This project uses a brand new technology that has potential to transform construction in Malawi, and beyond.

Traditional clay bricks are fired for 24 hours, using vast quantities of firewood. Replacing them with locally manufactured soil bricks – that do not require firing at all – significantly cuts CO2 emissions, and saves 14 trees every time a house is built.

The innovative DURABRIC can be made on any construction site using just earth, sand, cement and water. And by providing on-site training, the project helps ensure local manufacturers and builders adopt and use the new technology.

In addition to cutting carbon emissions, this Gold Standard project is creating manufacturing jobs and upskilling builders. In turn, this improves the quality and standard of house building – making homes safer for families.

Supporting this project, by purchasing the emissions reductions, will make sense for any organisation who would like to align with sustainable construction. It will also appeal to those looking to support a transformative project that has real potential to catalyse change not only in Malawi, but across much of sub-Saharan Africa.

  • First carbon project in Africa to use stabilised soil bricks
  • Saves 14 trees for every home built
  • Safe, sustainable homes in Malawi

Delivering towards the Global Goals

Decent work and economic growth

Creates jobs in rural communities, providing training and new source of income

Industry, innovation and infrastructure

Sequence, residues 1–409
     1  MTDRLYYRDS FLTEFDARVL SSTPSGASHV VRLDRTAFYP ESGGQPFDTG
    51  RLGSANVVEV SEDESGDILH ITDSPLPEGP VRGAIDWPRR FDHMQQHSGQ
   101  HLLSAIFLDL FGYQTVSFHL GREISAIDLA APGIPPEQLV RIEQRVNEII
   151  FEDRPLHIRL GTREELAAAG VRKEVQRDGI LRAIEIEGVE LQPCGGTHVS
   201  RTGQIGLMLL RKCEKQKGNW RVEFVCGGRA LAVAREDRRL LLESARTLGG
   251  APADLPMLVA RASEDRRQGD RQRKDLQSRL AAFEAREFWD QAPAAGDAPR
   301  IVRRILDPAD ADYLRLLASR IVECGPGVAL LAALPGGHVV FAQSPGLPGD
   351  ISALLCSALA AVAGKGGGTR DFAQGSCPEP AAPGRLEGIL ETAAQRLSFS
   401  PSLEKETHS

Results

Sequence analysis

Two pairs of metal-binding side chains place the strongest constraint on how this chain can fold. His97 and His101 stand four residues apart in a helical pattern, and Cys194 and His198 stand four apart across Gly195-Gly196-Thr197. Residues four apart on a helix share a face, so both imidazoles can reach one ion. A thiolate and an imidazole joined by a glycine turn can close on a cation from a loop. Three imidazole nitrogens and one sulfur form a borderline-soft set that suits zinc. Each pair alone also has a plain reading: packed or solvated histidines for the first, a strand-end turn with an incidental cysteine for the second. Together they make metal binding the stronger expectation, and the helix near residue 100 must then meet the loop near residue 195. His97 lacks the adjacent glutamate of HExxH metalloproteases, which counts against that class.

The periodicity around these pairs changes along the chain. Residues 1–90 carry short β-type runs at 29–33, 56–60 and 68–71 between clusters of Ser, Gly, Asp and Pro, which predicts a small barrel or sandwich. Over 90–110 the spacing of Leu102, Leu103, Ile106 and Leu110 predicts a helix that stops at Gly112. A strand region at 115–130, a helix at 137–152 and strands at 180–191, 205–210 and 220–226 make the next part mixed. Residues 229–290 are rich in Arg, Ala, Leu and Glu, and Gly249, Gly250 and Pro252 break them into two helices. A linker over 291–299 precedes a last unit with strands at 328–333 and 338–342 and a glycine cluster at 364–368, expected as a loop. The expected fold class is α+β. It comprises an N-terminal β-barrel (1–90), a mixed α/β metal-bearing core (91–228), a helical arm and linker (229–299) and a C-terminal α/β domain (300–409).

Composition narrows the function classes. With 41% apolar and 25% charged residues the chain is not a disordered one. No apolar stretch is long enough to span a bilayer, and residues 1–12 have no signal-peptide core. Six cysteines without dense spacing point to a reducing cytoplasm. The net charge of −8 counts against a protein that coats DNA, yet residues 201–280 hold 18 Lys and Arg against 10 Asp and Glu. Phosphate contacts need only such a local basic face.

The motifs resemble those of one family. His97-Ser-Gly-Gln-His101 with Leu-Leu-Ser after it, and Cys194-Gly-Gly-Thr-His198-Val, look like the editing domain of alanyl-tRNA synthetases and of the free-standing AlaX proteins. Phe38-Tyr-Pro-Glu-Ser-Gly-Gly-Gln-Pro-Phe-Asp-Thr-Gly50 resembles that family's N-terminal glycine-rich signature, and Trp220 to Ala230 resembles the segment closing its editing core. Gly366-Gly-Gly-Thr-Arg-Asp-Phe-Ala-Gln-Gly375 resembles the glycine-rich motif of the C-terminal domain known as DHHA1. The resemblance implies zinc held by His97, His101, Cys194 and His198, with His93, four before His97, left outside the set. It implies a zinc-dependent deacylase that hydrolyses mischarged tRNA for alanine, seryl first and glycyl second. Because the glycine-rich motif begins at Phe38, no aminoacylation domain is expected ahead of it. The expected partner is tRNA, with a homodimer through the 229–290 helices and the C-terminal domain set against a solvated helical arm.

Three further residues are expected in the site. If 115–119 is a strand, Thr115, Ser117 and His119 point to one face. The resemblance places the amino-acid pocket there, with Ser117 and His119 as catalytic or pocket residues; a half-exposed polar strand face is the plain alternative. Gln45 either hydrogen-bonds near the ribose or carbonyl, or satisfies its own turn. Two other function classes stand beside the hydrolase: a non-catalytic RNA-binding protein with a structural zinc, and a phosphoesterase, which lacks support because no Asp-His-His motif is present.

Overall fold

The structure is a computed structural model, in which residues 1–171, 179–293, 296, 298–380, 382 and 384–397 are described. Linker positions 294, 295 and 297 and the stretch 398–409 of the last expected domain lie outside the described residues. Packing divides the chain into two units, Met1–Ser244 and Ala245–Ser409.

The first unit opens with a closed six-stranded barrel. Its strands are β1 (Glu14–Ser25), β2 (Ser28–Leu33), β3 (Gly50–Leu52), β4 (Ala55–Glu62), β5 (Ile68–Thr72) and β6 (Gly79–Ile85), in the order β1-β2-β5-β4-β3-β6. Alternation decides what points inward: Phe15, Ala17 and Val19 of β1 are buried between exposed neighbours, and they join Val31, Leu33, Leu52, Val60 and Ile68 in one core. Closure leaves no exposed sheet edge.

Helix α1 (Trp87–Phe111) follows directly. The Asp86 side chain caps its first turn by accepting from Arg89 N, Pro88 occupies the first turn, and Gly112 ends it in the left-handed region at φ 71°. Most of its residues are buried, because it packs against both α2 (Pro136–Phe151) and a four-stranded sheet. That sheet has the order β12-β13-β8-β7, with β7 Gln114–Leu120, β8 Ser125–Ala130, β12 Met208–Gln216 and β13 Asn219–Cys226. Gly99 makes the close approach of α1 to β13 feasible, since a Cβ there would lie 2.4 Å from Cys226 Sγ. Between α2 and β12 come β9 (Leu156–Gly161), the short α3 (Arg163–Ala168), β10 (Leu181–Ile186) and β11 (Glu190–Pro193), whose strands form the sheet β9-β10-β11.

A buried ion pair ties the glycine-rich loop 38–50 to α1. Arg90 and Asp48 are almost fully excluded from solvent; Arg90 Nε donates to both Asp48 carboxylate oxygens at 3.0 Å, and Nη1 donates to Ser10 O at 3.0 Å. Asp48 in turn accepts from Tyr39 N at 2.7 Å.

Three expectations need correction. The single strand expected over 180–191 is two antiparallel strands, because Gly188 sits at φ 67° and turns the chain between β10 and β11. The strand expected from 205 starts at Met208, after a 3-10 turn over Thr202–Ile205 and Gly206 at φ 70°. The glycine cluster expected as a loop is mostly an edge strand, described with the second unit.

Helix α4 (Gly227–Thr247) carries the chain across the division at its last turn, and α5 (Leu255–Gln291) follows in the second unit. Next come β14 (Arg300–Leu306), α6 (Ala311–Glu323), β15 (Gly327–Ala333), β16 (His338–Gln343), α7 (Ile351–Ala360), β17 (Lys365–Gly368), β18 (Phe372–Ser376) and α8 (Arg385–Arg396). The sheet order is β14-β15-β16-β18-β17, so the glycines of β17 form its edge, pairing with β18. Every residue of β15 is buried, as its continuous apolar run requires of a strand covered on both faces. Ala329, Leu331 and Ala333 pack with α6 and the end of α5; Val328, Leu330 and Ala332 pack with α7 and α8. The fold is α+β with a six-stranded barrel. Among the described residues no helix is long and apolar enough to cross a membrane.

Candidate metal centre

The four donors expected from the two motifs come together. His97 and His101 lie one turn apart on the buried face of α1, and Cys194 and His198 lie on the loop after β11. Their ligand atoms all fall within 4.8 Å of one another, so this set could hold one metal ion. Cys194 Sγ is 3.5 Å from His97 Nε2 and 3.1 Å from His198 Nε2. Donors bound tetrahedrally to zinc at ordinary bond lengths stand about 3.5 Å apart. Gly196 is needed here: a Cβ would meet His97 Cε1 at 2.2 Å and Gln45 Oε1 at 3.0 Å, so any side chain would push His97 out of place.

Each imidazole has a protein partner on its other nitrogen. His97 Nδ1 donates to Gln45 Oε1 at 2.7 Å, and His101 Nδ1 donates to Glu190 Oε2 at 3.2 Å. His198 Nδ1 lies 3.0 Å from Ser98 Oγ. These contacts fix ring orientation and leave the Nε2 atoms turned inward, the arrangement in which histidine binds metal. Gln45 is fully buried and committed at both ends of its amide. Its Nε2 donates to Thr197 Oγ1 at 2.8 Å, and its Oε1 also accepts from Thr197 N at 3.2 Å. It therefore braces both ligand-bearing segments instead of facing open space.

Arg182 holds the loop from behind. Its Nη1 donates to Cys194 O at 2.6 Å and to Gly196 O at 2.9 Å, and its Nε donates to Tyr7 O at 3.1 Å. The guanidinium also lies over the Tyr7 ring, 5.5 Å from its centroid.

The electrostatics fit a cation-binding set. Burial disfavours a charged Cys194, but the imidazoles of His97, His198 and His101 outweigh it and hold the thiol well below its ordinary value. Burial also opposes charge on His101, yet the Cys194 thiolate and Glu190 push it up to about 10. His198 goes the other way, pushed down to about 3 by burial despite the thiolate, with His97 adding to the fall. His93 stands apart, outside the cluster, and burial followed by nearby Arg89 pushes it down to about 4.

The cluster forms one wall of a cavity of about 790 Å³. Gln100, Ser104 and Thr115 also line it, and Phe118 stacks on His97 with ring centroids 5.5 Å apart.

Stronger, more resilient construction materials help create sustainable buildings

Climate action

Each home built saves an average of 14 trees from being cut down

Life on land

Less demand for wood reduces local deforestation, conserving habitats

What the carbon finance delivers

The revenue stream from the purchase of emissions reductions enables Durabric to become economically competitive with traditional kiln-fired bricks. In addition, the Durabric Academy teaches builders improved construction techniques, aimed at minimising mortar usage.

The funding of this education programme, employment of staff in the Durabric facilities, and cost parity with traditional burnt bricks would not have been possible without carbon finance.

The carbon revenues in turn ensure longevity of the programme and aim to expand Durabric’s reach as the project continues, which then further reduces greenhouse gas emissions and the associated deforestation, making construction in Malawi more sustainable.